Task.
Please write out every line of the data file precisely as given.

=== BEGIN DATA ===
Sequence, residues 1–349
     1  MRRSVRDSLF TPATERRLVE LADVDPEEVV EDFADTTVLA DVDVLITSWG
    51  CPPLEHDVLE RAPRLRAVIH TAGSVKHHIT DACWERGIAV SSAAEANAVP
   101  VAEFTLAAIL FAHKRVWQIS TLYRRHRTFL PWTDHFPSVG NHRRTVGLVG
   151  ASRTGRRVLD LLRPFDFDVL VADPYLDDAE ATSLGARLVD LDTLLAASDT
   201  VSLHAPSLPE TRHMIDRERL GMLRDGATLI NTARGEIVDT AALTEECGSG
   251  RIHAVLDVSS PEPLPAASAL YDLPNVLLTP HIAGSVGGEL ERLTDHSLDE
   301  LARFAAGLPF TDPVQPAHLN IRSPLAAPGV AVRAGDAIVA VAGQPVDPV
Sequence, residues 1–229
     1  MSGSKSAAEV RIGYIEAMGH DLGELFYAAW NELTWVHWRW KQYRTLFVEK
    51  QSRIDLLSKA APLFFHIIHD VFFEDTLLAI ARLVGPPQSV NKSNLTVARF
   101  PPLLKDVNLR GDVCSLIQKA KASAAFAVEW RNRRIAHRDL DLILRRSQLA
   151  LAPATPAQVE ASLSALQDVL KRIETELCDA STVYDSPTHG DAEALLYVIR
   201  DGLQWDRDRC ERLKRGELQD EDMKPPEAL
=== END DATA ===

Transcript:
Sequence, residues 1–349
     1  MRRSVRDSLF TPATERRLVE LADVDPEEVV EDFADTTVLA DVDVLITSWG
    51  CPPLEHDVLE RAPRLRAVIH TAGSVKHHIT DACWERGIAV SSAAEANAVP
   101  VAEFTLAAIL FAHKRVWQIS TLYRRHRTFL PWTDHFPSVG NHRRTVGLVG
   151  ASRTGRRVLD LLRPFDFDVL VADPYLDDAE ATSLGARLVD LDTLLAASDT
   201  VSLHAPSLPE TRHMIDRERL GMLRDGATLI NTARGEIVDT AALTEECGSG
   251  RIHAVLDVSS PEPLPAASAL YDLPNVLLTP HIAGSVGGEL ERLTDHSLDE
   301  LARFAAGLPF TDPVQPAHLN IRSPLAAPGV AVRAGDAIVA VAGQPVDPV
Sequence, residues 1–229
     1  MSGSKSAAEV RIGYIEAMGH DLGELFYAAW NELTWVHWRW KQYRTLFVEK
    51  QSRIDLLSKA APLFFHIIHD VFFEDTLLAI ARLVGPPQSV NKSNLTVARF
   101  PPLLKDVNLR GDVCSLIQKA KASAAFAVEW RNRRIAHRDL DLILRRSQLA
   151  LAPATPAQVE ASLSALQDVL KRIETELCDA STVYDSPTHG DAEALLYVIR
   201  DGLQWDRDRC ERLKRGELQD EDMKPPEAL